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Coming-of-age ‘La Familia’ reflects cyclical urban violence

“La Familia,” a Venezuelan film about growing up amidst urban violence, was shown at Wasserman Cinematheque on Friday, Sept. 28, as part of the Boston Latino International Film Festival (BLIFF). “La Familia” won Best Film in the 2017 Miami Film Festival and was selected as a finalist at Cannes this year.

In its 16th year, BLIFF showcases films that feature Latinx-related topics. This is the first year that Brandeis joined other Boston-area colleges and venues to host BLIFF screenings.

“La Familia” centers on the story of a 12-year old boy named Pedro growing up in a poor suburb of Caracas, in an area referred to as “the block.” Pedro spends his days roughhousing with other kids in the neighborhood, until one day a younger boy approaches Pedro and his friends, takes out a gun and demands their cell phones. The boys resist, slapping the gun from his hand, and a scuffle breaks out. Here the action cuts to Pedro’s father, Andrés, walking down the street to meet his son, but we do catch a glimpse of Pedro picking up a piece of glass. When Andrés turns the corner, he sees Pedro holding a bloody glass shard, red soaking through his shirt. The gun-wielding boy is lying on the ground, clutching at a gash on his neck.

Andrés tries to help the bleeding boy before realizing it’s of no use and rushes Pedro home. There, he hastily commands Pedro to wash off the blood and pack a backpack so that they can leave. It turns out that the young boy Pedro stabbed is from “the slums,” a neighboring area controlled by gangs. Once they find out that Pedro stabbed one of their boys, they’ll come after him.

The rest of the movie chronicles Pedro and Andrés on the run, heading into the city to find work at a series of Andrés’ odd jobs. They spend a few days doing construction work at a remodeled house in an affluent neighborhood. One evening, the pair caters a ritzy event, what looks like a wedding, and Andrés brings a bottle of champagne to a guest, telling him that even though the bottle is reserved for family only, he’ll do him a favor—all the while hoping, of course, for the tip that the man eventually pulls from his wallet. The wealthy man then turns to the woman he’s with and remarks that the family—“la familia”—isn’t what they used to be.

In many ways, this line reflects Pedro and Andrés’ changing relationship. At the beginning of the film, it’s clear that they don’t spend much time together; Andrés goes to jobs for days on end. But once they leave the block, they slowly form a bond by working together every day. One of the longest conversations they have in the entire film is at the jacuzzi of the remodeled home, where Andrés tells his son that Pedro’s mother (implied to be dead throughout the film) used to love swimming in the public pool.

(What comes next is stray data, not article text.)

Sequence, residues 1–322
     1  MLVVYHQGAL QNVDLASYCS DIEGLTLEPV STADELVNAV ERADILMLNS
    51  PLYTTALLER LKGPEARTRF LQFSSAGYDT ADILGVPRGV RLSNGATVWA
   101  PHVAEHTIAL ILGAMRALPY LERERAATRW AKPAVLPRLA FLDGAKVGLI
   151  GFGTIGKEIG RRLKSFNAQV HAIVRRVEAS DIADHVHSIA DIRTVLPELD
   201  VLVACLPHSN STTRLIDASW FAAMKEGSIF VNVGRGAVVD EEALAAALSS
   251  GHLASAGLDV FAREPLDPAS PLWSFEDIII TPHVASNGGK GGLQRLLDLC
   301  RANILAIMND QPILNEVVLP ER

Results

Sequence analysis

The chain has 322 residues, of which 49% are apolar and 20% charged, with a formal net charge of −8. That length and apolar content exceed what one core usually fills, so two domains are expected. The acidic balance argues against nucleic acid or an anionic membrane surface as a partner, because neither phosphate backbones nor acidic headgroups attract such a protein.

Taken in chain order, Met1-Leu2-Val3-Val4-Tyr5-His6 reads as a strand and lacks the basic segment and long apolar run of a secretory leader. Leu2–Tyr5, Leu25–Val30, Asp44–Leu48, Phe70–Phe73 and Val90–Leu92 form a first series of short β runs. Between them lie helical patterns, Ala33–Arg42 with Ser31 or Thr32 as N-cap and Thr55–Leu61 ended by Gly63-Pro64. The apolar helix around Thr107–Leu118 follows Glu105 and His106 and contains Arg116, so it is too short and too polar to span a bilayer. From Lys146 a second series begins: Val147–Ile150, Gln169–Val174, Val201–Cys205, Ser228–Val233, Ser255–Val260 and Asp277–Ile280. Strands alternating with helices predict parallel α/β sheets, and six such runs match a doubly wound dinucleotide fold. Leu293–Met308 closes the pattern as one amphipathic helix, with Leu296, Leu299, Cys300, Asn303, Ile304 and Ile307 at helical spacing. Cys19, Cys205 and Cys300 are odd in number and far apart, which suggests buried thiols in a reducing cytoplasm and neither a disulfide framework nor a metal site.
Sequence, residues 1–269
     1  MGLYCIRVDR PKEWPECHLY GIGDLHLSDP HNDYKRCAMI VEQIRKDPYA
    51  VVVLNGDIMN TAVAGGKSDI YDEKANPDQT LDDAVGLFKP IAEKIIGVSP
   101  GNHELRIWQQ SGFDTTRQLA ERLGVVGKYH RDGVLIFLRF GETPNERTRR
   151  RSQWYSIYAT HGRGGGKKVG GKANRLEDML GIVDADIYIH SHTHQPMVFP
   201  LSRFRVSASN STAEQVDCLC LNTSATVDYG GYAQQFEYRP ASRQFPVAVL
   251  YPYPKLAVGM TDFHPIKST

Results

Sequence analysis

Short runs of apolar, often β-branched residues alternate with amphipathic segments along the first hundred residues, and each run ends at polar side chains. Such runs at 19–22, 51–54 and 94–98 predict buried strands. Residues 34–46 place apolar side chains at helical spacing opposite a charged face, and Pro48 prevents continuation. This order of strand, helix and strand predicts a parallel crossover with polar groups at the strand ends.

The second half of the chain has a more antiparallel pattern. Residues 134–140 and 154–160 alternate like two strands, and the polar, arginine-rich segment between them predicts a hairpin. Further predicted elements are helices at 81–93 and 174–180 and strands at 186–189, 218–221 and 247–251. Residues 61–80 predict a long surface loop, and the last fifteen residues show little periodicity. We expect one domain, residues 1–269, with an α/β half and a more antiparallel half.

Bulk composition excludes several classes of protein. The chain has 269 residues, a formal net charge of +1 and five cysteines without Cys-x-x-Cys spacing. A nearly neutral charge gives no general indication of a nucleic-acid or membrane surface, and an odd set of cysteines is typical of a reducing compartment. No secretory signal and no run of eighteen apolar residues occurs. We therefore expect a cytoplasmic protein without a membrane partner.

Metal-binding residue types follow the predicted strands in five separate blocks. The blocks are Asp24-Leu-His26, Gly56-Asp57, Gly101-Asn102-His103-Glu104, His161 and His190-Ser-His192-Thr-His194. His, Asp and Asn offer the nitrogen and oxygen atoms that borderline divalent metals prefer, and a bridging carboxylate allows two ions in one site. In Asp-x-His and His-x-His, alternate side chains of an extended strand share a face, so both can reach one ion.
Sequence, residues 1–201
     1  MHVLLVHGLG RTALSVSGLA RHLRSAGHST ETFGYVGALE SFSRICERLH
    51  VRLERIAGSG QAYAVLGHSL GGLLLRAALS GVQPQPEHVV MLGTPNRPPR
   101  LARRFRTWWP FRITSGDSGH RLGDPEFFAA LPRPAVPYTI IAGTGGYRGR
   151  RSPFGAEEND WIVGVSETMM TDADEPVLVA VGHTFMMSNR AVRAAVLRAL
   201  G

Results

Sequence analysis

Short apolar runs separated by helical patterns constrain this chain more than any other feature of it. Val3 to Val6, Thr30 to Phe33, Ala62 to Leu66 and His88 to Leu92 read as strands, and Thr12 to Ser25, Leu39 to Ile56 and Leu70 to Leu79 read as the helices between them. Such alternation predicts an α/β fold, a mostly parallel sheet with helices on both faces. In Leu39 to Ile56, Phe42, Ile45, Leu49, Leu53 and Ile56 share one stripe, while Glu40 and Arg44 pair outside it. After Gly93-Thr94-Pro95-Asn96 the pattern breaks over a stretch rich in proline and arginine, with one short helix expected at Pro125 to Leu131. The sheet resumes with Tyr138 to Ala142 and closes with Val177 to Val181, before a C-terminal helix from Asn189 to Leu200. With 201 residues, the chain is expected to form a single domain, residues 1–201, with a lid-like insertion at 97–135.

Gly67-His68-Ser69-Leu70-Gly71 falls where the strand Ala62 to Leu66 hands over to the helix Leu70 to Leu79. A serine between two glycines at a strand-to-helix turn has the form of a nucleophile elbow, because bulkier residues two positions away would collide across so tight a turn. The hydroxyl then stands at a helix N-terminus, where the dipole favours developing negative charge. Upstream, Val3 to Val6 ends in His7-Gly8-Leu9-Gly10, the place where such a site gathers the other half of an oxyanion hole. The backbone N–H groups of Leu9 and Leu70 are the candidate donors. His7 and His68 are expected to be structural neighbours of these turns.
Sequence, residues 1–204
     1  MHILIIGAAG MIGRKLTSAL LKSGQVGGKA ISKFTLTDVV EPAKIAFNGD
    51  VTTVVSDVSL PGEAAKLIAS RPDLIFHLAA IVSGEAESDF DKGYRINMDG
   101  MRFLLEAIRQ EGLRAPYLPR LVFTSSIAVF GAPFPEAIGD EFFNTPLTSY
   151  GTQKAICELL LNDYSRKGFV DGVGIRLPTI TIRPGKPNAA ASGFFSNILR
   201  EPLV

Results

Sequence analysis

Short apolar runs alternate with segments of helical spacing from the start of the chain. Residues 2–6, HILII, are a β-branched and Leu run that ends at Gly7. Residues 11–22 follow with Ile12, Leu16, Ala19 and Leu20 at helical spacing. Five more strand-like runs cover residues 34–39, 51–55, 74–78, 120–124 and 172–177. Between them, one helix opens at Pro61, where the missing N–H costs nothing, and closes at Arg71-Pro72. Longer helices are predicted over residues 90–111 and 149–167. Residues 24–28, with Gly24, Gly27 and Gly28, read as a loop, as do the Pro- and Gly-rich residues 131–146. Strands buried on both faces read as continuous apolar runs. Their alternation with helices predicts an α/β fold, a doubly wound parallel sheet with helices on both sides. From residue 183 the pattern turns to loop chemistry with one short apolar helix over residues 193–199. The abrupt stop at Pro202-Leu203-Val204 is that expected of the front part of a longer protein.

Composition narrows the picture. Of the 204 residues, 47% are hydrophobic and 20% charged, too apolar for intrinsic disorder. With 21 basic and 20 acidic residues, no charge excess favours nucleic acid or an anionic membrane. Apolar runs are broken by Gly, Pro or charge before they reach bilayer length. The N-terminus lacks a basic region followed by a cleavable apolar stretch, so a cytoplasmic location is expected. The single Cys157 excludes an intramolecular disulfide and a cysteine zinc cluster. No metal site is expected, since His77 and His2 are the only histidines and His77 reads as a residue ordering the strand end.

This is not to say that the father-son relationship blossoms by the end. The film is rife with long, stony silences, mainly from Pedro, and it’s hard to count the number of times that Pedro asks his father a question, and Andrés doesn’t answer—the film simply cuts to the next scene.

The film had a striking imagistic quality. One of its defining images was having the camera linger on shots of long, straight lines—characters walking along the edge of a rooftop; Pedro lining up a row of bullet casings; the lights along the top of a tunnel; the sharp angle of a hilly street. This focus on lines, and the camera staying with them, creates a feeling of extension, both of objects and of time.

This effect parallels one of the film’s most important themes: the endless cycle of poverty and violence afflicting young boys in Venezuela. As Pedro and Andrés spend more time together and begin to share a career path, it is clear that Pedro will grow up to find himself in the same dead end as his father. There is a poignant scene where the father and son are moving heavy materials for the home remodeling job, and as they each carry the ends of heavy sacks, they stare at each other, not saying anything. Pedro walks parallel to his father, straining his smaller muscles, looking at the future man he will become. Once the pair leave the city for good, there is no other option for Pedro—he’ll follow in his father’s footsteps, working manual labor jobs and remaining in poverty.

The same can be applied to the young boy who originally held Pedro and his friends at gunpoint. He was raised in the slums and thus born into the systems of gang violence that rule his neighborhood. He may have chosen to specifically target Pedro’s group, but his life and the choices he made were controlled by the men who gave him the gun.

“La Familia” communicates Pedro’s growth, and the harsh realities of urban violence and poverty in Venezuela, with little dialogue or explanation. It is a film driven by feeling, from the long silences and extended camera shots to Andrés’ ever-present worry. Pedro’s development is unspoken but written on his face; we see his anguish, anger, resignation. The film does not end on a hopeful note; rather, there is a lack of resolution and the sense that hardships are only just beginning for Pedro and Andrés. As for many Venezuelan families, this struggle is one without a solution in sight.

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